Azzedine Alaïa, flanked by two of his closest friends, models Stephanie Seymour and Naomi Campbell.
He designed Seymour’s dress for her 1995 wedding to Peter Brant, and treated Campbell (who famously called him Papa), like a daughter. For more on the legendary designer, tap the link in bio. #wwdfashion #alaia #azzedinealaia
Azzedine Alaïa's “I-did-it-my-way” ethos stood out starkly at a time when brands are experimenting with consumer-facing fashion shows, coed formats and trans-seasonal collections – anything to perk up lackluster sales of ready-to-wear in an age of Insta-everything. “It’s not creation anymore. This becomes a purely industrial approach,” the late designer told WWD in an interview last year. “But anyway, the rhythm of collections is so stupid. It’s unsustainable. There are too many collections.” Read more about the iconic designer’s life and work on wwd.com, link in bio. #wwdfashion #azzedinealaia (📷: @WWD Archive, 1986) #alaia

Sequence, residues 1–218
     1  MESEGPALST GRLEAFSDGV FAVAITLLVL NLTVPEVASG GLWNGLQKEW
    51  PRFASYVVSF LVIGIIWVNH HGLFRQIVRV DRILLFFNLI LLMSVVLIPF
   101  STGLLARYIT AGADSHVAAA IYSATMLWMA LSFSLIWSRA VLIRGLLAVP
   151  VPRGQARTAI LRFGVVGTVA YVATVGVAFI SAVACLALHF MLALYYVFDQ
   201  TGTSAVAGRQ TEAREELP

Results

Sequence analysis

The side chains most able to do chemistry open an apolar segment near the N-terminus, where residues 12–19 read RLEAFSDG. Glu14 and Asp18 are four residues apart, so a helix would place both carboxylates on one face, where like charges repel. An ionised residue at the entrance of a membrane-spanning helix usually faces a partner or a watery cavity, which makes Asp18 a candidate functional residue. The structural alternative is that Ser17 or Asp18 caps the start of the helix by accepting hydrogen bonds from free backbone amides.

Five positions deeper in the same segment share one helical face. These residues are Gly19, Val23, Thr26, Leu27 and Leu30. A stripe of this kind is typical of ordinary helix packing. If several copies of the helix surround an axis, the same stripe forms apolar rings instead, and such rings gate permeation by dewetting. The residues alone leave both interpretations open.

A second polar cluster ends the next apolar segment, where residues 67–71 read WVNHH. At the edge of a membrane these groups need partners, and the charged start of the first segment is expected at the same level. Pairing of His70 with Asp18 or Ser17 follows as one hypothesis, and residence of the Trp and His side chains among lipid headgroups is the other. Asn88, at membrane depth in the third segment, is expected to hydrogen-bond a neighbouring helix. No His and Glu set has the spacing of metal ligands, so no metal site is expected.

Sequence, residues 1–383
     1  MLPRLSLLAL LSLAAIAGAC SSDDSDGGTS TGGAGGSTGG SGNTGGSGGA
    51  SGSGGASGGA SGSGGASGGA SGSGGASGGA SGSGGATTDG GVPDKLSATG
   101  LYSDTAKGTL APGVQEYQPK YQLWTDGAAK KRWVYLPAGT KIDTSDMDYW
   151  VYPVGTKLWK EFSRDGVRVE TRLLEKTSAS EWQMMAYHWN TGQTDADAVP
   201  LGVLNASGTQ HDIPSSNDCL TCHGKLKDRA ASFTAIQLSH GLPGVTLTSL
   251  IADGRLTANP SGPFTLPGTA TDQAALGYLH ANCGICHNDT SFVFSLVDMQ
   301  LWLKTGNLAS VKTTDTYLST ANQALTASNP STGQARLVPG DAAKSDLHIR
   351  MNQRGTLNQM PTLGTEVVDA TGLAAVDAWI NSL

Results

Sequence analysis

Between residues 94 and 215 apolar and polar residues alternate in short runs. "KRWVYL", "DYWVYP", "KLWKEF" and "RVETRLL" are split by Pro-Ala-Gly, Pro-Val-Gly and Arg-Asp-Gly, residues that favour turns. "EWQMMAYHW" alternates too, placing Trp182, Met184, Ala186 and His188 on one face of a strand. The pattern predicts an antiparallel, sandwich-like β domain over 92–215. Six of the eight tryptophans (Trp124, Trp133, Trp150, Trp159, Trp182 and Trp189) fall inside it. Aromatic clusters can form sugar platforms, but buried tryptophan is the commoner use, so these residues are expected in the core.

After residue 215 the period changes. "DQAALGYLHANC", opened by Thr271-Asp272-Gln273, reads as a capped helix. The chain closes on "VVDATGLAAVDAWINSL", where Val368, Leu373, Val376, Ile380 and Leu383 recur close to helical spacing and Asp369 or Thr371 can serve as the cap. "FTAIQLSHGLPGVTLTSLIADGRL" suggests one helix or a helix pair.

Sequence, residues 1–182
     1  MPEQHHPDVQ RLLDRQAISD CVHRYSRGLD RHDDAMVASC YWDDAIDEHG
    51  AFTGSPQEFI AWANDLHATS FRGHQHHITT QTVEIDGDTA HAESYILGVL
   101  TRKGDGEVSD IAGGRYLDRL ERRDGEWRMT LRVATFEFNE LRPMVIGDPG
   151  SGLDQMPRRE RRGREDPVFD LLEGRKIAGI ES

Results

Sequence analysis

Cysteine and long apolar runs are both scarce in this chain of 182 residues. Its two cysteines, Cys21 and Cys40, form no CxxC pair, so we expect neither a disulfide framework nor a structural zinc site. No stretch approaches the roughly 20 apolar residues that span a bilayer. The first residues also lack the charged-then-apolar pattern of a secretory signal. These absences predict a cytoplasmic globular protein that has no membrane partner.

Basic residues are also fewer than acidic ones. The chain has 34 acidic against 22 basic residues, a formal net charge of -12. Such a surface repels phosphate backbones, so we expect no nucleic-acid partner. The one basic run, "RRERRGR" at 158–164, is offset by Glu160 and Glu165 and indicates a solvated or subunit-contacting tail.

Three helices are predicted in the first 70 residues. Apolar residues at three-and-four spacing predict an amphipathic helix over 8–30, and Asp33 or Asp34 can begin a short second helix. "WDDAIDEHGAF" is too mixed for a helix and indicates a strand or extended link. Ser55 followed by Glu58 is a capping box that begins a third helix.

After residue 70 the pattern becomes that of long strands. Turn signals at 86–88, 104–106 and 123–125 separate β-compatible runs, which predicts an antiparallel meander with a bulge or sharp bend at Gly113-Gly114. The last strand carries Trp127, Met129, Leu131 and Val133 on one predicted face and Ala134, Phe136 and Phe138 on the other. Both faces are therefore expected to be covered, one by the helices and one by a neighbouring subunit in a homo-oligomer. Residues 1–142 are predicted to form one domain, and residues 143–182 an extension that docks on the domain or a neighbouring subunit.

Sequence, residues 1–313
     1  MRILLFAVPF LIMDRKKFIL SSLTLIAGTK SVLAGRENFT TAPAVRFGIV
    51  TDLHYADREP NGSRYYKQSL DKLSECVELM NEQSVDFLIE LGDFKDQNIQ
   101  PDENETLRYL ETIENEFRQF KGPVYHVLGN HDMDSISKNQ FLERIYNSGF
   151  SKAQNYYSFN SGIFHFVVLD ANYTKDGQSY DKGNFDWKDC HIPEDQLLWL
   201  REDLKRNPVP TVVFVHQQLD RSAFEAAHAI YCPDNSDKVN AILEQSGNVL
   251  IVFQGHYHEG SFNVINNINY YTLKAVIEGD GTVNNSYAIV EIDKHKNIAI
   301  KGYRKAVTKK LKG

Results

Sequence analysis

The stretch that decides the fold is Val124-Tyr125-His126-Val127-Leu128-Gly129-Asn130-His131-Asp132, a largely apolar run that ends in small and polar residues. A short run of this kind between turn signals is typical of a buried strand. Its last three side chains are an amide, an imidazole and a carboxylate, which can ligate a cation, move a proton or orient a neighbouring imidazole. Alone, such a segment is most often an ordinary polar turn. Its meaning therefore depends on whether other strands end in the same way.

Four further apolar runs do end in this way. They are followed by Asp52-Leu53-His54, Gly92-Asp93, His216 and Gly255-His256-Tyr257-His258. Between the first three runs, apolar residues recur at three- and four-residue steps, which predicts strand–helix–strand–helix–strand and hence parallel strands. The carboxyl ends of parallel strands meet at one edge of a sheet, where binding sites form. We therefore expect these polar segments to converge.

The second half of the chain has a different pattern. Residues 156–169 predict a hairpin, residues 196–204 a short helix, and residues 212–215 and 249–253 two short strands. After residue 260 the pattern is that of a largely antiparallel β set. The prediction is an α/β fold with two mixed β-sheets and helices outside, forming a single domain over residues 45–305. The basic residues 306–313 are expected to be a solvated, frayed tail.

Sneaker reselling app @goat’s latest exhibit, "The Greatest: New York," tells the story of New York's sneaker culture. To celebrate the exhibit, an intimate crowd gathered on Thursday night at the pop-up gallery space, located at Platform in Culver City, to hear guest speaker and illustrator @esymai talk about her own rise in streetwear and women in the business. "For me I'm just someone who is creative. I like to create things," said Chang. #wwdfashion
Azzedine Alaïa, one of the most iconic couturiers of the modern era whose body-con designs defined Eighties fashion, has died in Paris. The diminutive Tunisian-born designer, known for his structured knitted dresses with fitted waists and impeccably cut, figure-hugging second skin silhouettes was deeply admired by his peers, and counted supermodel Naomi Campbell - his adoptive daughter - among his inner circle, one of a gang of glamazons including Farida Khelfa, Carla Bruni and Stephanie Seymour who became ambassadors of his style. (📷: Alexandre Guirkinger) #wwdblast